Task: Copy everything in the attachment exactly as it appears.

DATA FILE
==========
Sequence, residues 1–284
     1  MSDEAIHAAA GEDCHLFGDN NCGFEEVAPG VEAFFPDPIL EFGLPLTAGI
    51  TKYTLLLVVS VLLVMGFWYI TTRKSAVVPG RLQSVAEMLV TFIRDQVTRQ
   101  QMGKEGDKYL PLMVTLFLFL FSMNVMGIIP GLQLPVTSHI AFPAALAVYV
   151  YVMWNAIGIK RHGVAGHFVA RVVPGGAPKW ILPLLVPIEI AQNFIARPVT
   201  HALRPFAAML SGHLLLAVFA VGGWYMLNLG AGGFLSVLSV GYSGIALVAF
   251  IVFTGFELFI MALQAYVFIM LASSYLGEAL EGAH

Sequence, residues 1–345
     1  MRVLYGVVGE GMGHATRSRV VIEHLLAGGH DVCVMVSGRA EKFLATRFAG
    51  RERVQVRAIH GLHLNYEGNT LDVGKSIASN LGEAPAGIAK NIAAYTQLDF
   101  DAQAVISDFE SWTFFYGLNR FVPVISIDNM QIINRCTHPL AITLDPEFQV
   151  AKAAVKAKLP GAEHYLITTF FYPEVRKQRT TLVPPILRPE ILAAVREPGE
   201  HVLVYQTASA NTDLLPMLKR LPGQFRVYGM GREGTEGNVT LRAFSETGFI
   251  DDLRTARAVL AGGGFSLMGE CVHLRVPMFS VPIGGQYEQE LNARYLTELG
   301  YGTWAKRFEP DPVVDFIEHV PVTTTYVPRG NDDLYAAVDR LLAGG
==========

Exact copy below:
Sequence, residues 1–284
     1  MSDEAIHAAA GEDCHLFGDN NCGFEEVAPG VEAFFPDPIL EFGLPLTAGI
    51  TKYTLLLVVS VLLVMGFWYI TTRKSAVVPG RLQSVAEMLV TFIRDQVTRQ
   101  QMGKEGDKYL PLMVTLFLFL FSMNVMGIIP GLQLPVTSHI AFPAALAVYV
   151  YVMWNAIGIK RHGVAGHFVA RVVPGGAPKW ILPLLVPIEI AQNFIARPVT
   201  HALRPFAAML SGHLLLAVFA VGGWYMLNLG AGGFLSVLSV GYSGIALVAF
   251  IVFTGFELFI MALQAYVFIM LASSYLGEAL EGAH

Sequence, residues 1–345
     1  MRVLYGVVGE GMGHATRSRV VIEHLLAGGH DVCVMVSGRA EKFLATRFAG
    51  RERVQVRAIH GLHLNYEGNT LDVGKSIASN LGEAPAGIAK NIAAYTQLDF
   101  DAQAVISDFE SWTFFYGLNR FVPVISIDNM QIINRCTHPL AITLDPEFQV
   151  AKAAVKAKLP GAEHYLITTF FYPEVRKQRT TLVPPILRPE ILAAVREPGE
   201  HVLVYQTASA NTDLLPMLKR LPGQFRVYGM GREGTEGNVT LRAFSETGFI
   251  DDLRTARAVL AGGGFSLMGE CVHLRVPMFS VPIGGQYEQE LNARYLTELG
   301  YGTWAKRFEP DPVVDFIEHV PVTTTYVPRG NDDLYAAVDR LLAGG